Summertime Sipping And Noshing
After a couple of years when it seemed like the form had gone out of style, summer wine dinners are in full swing with food and wine pairings at a number of restaurants and bars around town.
STAGE, the eclectic restaurant at the Honolulu Design Center, hosts a wine dinner on the last Monday of each month, and the $75 four-course dinner also is offered without wine for $45. For more information on upcoming monthly wine dinners, go to stagerestauranthawaii.com.
Bali Steak and Seafood Restaurant at Hilton Hawaiian Village kicked off a series of summer wine dinners last month. But don’t worry if you miss the one-night-only celebrations. Bali chef Matt Aleshouse has been creating pairing menus that run for the entire month, basing his tasting menus on wines chosen for the dinner, then offering guests the pairings at dinner each night.
On June 20, guests will have the opportunity to taste wines from New Zealand winery Villa Maria, the country’s most award-winning winery. You can make reservations by calling 941-BALI, or go to hilton-hawaiianvillage.com.
And there’s ample opportunity to taste summer at Hilton Hawaiian Village without wine and in a more casual mode. Certainly one of the best times is Saturday evenings when Henry Kapono plays at the resort’s beachfront Tropics Grill and Bar. The combination of Kapono’s mellow music, a Waikiki sunset and a menu of locally grown, island-inspired dishes makes for a perfect weekend evening.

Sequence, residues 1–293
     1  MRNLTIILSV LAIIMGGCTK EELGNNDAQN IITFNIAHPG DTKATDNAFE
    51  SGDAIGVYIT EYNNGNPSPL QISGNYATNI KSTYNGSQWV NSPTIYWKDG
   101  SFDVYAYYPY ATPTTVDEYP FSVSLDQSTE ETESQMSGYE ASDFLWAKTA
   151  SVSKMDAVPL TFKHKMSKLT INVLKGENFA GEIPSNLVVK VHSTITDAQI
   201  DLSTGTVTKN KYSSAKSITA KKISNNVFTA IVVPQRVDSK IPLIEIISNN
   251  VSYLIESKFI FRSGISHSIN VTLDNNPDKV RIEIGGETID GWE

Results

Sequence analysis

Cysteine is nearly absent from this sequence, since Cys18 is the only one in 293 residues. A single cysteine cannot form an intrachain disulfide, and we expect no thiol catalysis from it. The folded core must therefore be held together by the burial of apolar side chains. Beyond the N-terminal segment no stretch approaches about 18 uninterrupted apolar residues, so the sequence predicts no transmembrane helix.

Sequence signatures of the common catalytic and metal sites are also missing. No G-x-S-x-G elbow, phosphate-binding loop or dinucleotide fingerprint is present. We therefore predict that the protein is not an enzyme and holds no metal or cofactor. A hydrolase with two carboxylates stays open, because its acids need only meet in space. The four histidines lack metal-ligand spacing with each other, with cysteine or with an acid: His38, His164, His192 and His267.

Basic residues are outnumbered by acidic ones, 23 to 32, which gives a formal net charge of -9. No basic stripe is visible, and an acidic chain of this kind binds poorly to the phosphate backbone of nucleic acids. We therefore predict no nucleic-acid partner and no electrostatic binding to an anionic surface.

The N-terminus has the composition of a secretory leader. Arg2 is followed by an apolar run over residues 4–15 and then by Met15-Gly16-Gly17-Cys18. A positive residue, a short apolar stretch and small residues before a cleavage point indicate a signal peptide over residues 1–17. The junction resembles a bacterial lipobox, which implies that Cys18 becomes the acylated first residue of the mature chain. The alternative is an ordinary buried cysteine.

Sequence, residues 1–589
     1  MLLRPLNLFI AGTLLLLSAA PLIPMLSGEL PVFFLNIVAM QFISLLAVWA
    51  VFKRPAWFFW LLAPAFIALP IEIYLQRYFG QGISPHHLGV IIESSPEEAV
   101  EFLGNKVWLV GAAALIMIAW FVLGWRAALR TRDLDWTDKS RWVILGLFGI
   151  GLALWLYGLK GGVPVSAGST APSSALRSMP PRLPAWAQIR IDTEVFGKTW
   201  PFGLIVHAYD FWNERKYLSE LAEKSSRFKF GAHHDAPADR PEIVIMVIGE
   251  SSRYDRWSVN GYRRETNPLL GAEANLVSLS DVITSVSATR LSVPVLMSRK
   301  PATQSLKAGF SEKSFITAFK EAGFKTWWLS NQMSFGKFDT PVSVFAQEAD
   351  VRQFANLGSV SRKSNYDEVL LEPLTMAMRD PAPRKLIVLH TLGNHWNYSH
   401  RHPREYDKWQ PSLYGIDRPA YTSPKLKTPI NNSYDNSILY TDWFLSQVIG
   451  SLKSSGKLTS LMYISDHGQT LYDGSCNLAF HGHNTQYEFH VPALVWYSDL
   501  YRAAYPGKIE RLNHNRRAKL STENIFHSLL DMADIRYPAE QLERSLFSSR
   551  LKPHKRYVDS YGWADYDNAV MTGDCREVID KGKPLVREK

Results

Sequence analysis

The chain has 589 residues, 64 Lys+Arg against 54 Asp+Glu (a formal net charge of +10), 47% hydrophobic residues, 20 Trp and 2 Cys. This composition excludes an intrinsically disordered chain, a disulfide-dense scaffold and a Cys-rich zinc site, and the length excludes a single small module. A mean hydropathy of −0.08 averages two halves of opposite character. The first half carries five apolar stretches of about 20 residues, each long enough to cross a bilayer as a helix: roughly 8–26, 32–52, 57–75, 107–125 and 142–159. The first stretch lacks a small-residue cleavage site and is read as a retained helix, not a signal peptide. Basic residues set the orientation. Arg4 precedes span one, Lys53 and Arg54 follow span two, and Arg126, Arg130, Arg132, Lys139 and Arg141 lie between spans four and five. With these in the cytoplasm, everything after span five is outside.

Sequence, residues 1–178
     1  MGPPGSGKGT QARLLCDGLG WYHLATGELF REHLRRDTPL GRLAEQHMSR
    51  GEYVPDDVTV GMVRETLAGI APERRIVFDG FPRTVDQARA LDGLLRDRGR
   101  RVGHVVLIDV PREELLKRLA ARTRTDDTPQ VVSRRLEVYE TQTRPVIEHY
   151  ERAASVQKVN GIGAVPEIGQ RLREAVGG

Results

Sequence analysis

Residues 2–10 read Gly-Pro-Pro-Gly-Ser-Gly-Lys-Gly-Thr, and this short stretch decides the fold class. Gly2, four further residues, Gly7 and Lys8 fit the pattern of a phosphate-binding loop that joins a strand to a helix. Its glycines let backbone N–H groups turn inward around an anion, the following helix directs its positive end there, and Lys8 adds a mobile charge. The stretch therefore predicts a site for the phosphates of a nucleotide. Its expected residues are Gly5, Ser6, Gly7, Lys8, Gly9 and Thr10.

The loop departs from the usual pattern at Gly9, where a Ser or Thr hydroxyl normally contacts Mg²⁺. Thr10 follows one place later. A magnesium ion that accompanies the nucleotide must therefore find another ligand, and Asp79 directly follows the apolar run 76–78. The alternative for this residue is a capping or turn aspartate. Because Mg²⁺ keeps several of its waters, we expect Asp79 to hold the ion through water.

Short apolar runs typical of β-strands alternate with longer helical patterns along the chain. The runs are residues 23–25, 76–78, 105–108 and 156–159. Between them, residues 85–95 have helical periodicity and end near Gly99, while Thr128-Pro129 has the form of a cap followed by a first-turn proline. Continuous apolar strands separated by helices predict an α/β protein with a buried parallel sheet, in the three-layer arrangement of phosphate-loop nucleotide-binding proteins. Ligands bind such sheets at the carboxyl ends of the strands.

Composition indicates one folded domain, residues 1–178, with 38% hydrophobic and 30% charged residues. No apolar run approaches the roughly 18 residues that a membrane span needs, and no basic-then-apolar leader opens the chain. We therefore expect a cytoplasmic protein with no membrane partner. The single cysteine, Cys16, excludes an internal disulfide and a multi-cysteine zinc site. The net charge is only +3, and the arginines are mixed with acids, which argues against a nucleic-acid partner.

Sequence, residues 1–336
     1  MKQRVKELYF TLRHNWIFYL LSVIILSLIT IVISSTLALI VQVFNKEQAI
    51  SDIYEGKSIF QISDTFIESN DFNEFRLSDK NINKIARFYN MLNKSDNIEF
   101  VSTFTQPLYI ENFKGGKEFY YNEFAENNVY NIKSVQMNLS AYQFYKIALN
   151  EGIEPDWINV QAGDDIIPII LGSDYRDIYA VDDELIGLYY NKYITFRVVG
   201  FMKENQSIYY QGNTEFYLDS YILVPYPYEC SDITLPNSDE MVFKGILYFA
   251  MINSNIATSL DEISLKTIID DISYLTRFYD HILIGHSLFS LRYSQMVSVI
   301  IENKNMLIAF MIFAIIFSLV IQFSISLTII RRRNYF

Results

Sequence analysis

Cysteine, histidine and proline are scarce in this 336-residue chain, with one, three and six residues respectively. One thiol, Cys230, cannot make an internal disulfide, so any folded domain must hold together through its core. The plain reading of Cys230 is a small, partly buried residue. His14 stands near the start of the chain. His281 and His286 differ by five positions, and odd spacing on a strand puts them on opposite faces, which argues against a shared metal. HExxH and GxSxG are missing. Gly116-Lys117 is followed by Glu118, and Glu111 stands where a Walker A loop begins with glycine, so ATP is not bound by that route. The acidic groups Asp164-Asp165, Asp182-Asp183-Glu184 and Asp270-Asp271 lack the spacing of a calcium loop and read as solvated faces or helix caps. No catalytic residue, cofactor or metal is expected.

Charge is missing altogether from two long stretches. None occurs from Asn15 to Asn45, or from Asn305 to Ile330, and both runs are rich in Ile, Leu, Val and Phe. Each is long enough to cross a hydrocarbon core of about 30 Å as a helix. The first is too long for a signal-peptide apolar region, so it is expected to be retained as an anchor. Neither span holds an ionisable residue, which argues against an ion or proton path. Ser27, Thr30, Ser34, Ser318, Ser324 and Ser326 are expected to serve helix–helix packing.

When Tropics opened after its extensive renovation, executive chef Jeffrey Vigillia committed to supporting local farmers with a menu that showcased hundreds of farm-grown foods.
Today the hotel has kept to its word, and on the Tropics menu you’ll find a host of locally produced foods. Hugely popular dishes include Kona salt-seasoned, fresh island furikake beer-battered fish, and the summer classic – brown sugar barbecue pork ribs served with french fries, baked beans and coleslaw. You’ll even find local ingredients at the luau – something that surprises kamaaina guests who expect the usual tourist trappings.
“We wanted our luau right from the beginning to be a showcase for local food,” says Chef Vigillia. “It’s a journey through Polynesia with music and dance, and we keep the food as locally grown and as traditional as possible.” With traditional dance and music and a firework finale, the Starlight Luau offers spectacular all-round entertainment as well as a taste of local dishes.
The luau menu changes with the seasons, but expect to find dishes such as steamed banana leaf-wrapped island fish; Thai lemongrass marinated huli huli chicken; rotisserie sir-loin of beef with rosemary and guava barbecue sauce; Hawaiian paella with Portuguese sausage, island fish and shellfish; local greens; Pacific rice noodle salad; and Molokai herb-roasted sweet potatoes. Hilton Hawaiian Village also is playing host to celebrity and island chefs this September as part of the second Honolulu Food and Wine Festival. Joining local chefs on the lawn will be Todd English, Susan Feniger (Border Grill, Los Angeles) and Ken Oringer (Clio, Boston).